The end is near.
Soon, lockdown will be over and the kids will be back in their classrooms after three months of homeschooling, home-holidaying, working-from-home hell.
The upshot is that, once we’ve returned to the normally exhausting weekly grind, I plan on pencilling in an emotional collapse.
I suspect I’m not alone. My husband and I have homeschooled two kindy boys this year and last year because of the pandemic.
Frankly, despite our best efforts, and those of their teachers, the kids have learned bugger-all — except how to form a digital crack habit with all the screen-based learning and edutainment (I see you, ABC Reading Eggs).
All things considered, that’s quite the win. I’ve long been hooked on achievement.
It’s normal to feel satisfied with having done a good job but I thrive just a little too much on being productive. Which is a clue that, for me, accomplishment is a shortcut to existential validation.
But it’s not just me. As Guardian journalist Bridie Jabour writes in Trivial Grievances: On the contradictions, myths, and misery of your 30s:
“We want our lives to mean something, and lots of us don’t have religion or lifelong communities to feel tethered to anymore. We have moved more to being defined by what we have achieved, even if what we have achieved is three 10-kilometre runs in a week.”
Jabour observes that plenty of us look to our individual accomplishments for a sense of identity, as opposed to something larger than ourselves — spirituality, for instance, or community.
This doesn’t mean that this isn’t an issue for people of faith. I should know, since I count myself among them.
All of us wrestle with the fear that our significance is never a given. Rather, we expect to secure our worth through our work.
If that’s how we operate when it comes to our own endeavours, imagine what we project on to the kids we’re home-schooling.
And, so, a bit of perspective is in order if we’re to get out of lockdown with our relationships, families, mental health and some semblance of wellbeing intact.
In a bunch of unpaid roles
First, especially for those of us with younger kids, it wouldn’t hurt to recognise that we haven’t so much been “homeschooling” as doing a particularly intense version of personal coaching.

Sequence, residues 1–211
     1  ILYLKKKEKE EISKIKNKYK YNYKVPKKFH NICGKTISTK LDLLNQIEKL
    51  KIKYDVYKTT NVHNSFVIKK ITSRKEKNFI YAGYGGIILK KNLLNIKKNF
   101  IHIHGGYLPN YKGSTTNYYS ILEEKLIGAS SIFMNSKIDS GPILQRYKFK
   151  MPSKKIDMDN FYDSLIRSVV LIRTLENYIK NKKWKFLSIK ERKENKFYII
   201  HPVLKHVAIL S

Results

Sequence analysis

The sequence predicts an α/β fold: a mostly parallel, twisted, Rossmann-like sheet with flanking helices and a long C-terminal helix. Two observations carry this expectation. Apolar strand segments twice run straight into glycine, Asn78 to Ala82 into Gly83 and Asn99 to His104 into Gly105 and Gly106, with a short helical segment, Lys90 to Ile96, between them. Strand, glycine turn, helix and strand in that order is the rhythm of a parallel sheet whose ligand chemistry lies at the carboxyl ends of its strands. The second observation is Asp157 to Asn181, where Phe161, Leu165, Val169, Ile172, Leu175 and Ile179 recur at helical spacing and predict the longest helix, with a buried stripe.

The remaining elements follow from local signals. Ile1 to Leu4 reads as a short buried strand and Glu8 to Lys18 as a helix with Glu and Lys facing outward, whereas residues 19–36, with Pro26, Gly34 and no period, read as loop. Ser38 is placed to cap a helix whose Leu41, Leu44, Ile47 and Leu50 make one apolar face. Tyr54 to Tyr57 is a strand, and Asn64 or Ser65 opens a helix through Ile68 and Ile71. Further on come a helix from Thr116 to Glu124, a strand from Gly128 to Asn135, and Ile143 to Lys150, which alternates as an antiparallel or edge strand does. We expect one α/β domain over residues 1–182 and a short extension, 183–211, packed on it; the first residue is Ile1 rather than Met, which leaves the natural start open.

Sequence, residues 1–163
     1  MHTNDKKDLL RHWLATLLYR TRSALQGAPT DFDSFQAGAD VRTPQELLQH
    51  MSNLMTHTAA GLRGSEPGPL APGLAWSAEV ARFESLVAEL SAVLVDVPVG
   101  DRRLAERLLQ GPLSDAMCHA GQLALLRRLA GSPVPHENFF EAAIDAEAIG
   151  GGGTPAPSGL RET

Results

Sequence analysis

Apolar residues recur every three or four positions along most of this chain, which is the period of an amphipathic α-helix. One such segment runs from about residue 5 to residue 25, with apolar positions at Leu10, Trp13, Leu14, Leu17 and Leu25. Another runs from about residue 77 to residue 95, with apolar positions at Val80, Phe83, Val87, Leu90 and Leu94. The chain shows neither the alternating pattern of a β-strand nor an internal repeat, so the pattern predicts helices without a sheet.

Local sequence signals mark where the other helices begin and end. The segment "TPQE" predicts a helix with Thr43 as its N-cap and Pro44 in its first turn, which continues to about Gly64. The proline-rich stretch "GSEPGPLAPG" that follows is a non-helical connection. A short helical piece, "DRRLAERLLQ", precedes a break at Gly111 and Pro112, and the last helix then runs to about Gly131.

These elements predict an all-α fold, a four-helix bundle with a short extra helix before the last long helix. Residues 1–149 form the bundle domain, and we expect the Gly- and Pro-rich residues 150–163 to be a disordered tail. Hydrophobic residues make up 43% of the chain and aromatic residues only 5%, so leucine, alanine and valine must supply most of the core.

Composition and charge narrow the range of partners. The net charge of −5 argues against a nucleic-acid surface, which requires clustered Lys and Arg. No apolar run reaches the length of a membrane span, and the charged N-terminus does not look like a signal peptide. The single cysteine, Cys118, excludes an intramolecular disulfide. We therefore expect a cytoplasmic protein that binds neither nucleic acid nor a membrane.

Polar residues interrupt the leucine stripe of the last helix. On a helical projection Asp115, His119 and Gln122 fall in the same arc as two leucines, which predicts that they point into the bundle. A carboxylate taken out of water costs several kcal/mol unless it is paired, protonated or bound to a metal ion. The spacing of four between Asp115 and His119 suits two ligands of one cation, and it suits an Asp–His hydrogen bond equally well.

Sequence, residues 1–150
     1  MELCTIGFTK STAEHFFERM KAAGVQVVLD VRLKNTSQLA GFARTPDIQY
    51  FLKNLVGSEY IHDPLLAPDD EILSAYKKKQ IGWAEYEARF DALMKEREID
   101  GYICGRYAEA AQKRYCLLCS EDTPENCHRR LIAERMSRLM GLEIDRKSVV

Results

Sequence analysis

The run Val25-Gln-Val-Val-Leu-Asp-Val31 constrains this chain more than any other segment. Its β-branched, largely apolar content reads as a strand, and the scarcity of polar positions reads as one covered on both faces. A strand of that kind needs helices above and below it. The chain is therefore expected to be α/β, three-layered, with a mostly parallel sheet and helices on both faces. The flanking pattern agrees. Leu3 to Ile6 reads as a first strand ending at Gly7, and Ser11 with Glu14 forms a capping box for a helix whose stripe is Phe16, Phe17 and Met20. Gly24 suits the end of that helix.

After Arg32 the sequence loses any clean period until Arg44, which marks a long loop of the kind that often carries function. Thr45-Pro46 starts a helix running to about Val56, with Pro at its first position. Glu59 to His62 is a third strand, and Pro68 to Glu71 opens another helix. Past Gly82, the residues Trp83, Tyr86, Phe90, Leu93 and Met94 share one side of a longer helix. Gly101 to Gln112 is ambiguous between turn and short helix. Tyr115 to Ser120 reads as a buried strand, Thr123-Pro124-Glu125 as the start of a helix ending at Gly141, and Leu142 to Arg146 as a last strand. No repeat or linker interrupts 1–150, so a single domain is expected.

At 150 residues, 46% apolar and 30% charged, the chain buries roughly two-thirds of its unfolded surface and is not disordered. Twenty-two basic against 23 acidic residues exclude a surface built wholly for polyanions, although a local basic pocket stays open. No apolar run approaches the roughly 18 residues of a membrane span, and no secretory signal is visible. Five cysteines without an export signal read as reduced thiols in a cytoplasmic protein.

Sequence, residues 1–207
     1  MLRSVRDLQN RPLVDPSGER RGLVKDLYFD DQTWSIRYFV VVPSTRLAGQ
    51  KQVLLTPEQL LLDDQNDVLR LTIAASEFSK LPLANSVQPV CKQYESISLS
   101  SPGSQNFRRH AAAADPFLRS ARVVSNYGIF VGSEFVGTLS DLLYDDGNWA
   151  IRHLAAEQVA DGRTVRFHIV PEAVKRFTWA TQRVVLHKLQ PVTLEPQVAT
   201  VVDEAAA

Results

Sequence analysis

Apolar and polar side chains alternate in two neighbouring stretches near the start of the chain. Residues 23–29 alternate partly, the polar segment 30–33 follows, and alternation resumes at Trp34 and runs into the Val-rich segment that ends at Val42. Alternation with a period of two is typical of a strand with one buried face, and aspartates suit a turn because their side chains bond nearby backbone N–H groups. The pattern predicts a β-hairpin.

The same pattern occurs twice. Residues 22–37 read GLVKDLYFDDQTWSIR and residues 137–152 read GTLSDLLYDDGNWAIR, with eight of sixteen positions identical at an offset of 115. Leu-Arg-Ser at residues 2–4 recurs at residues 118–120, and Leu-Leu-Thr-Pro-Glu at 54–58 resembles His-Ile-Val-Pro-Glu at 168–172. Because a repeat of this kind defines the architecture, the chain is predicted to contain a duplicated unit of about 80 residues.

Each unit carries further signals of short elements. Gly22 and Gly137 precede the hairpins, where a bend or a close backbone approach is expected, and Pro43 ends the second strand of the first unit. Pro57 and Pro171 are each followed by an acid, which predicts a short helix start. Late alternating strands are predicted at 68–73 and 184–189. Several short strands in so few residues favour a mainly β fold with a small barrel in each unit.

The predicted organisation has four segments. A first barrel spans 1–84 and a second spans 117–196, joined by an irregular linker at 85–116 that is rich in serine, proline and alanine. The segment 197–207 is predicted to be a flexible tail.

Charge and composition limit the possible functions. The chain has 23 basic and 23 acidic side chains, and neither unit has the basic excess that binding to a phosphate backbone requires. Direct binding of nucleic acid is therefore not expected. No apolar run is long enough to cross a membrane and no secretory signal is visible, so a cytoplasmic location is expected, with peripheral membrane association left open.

The kind that’s all-consuming, unpaid — and, on top of any other paid work on your plate, with a “client”, no less, who knows exactly how to push your buttons and who you feel biologically compelled to not screw up for the rest of their lives — hence, the emotionally draining effort to keep your cool despite extreme provocation.
We tend to put our needs last
Second, it’s worth watching out for the parent-as-martyr reflex: In this case, the tendency to sacrifice yourself on the altar of your kid’s education.
Mums might be particularly prone to this since they’re over-represented in part-time paid employment and, so, the story goes, can work more “flexibly” to juggle work and family life.
Then there’s the fact that, if women in general are socialised to put others before themselves, then motherhood is next-level self-sacrifice.
For example, one of my friends experimented with homeschooling her primary school child before the start of her own day working from home.
When she told me, a wave of guilt, admiration and (honestly) green-eyed envy washed over me at the initiative and energy that she managed to summon up from the depths of exhaustion.
But we can choose to not nail everything
Which leaves me with option three: Resisting the urge to be defined by our homeschooling success — or lack thereof. In fact, I have a plan for surviving these last weeks of homeschooling before the official return to school on October 18.
On day one of term, I’ll acknowledge the angst I feel at the minimal efforts we’ll undoubtedly make, and then I’ll make the conscious choice to move on with my day. And I’ll do that the next day, and the day after that.
I know the achievement addict in me will flinch at the rising number of incomplete homeschooling activities. But so what? Reality is far more than the sum of my individual efforts.
The homeschooling-parent-as-personal-coach or mum-as-martyr both labour away at an impossible task.
They attempt to reconcile the irreconcilable gap between the ideal — acing home-learning as well as our own work — and the reality of just making it through the days, the weeks, the months of lockdown.
Giving myself permission to go easy on myself right now is not going to solve all our problems with work.
But my “failure” to successfully homeschool my kids may weaken the link between work and worthiness that I’ve long believed in.
At least, that’s my hope.
Justine Toh is senior fellow at the Centre for Public Christianity and the author of Achievement Addiction.